Geodatabases in Oracle and DB2 use grid indexes. The spatial index is built by applying a grid to the data in the spatial column. The spatial grid index is two-dimensional and spans a feature class, similar to the reference grid you might find on a common road map. You can assign the spatial grid index one, two, or three grid levels, each with its own distinct cell size. The mandatory first grid level has the smallest cell size. The optional second and third grid cell levels are disabled by setting them to 0. If enabled, the second grid cell size must be at least three times larger than the first grid cell size, and the third grid cell size must be three times larger than the second grid cell size.
In the following example, the feature class has two grid levels. Area shape 101 is located in grid cell 4 on level 1. A record is added to the spatial index table, because the feature resides within four grid cells (in this case, it is one). The envelope for area feature 102 is located in cells 1 through 8 on level 1. Because the feature's envelope resides in more than four grid cells, the feature is promoted to level 2, where its envelope fits within two grid cells. Feature 102 is indexed at level 2, and two records are added to the spatial index table.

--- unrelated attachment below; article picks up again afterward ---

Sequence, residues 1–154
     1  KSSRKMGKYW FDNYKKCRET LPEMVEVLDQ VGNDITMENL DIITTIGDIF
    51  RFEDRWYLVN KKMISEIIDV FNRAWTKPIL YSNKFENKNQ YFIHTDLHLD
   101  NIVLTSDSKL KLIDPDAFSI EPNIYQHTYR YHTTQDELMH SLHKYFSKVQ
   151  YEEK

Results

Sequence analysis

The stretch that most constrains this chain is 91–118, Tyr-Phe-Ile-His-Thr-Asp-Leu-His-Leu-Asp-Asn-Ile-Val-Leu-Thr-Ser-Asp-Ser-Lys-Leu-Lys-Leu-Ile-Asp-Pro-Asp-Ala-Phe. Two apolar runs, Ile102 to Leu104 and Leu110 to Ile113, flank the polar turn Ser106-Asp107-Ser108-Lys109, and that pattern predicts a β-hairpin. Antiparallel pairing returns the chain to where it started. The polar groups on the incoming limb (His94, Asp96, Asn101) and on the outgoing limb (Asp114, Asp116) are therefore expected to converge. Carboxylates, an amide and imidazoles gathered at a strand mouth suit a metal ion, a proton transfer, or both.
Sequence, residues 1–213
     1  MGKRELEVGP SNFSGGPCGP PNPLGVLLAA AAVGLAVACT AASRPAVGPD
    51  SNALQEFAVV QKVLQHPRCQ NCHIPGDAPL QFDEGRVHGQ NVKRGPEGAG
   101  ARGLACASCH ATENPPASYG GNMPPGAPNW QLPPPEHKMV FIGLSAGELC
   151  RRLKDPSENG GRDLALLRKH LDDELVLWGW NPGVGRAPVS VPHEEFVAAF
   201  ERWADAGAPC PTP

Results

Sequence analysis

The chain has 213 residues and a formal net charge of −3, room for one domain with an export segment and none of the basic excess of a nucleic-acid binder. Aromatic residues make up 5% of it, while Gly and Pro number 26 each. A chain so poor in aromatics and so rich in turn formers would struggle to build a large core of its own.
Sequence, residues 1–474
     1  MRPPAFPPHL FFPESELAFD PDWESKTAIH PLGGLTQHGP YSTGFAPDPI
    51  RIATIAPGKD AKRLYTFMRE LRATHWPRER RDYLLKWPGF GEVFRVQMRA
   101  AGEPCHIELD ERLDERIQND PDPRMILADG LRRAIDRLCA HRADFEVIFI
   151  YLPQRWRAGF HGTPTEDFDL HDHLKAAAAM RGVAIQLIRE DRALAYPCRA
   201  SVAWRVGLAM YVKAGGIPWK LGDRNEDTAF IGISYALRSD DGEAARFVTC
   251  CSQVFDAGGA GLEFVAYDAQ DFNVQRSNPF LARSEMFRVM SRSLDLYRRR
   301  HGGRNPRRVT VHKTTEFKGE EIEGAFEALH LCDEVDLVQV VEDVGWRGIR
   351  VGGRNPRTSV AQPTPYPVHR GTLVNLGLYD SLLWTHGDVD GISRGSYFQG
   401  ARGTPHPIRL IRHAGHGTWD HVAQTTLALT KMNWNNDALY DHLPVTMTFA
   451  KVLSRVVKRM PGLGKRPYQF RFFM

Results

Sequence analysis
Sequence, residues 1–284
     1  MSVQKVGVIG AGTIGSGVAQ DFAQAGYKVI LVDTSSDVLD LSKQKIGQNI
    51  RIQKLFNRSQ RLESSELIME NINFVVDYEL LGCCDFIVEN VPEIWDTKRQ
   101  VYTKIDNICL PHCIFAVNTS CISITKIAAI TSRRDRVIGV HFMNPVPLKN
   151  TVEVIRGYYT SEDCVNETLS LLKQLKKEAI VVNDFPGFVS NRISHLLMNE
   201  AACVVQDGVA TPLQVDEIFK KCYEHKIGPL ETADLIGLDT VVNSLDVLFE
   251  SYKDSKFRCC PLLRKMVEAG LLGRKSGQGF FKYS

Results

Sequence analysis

Inserting, updating, or deleting a feature updates the spatial index. The extent of each feature is overlaid onto the lowest grid level to obtain the number of grid cells. If the feature exceeds the value set for the MAXGRIDSPERFEAT value in the SERVER_CONFIG table, the geometry is promoted to the next highest grid level, if you have defined one.
For Oracle databases, you can specify the location in which the spatial index is created by setting the S_STORAGE parameter of the configuration keyword you use to create the feature class. See Oracle configuration parameters for information on setting configuration parameters.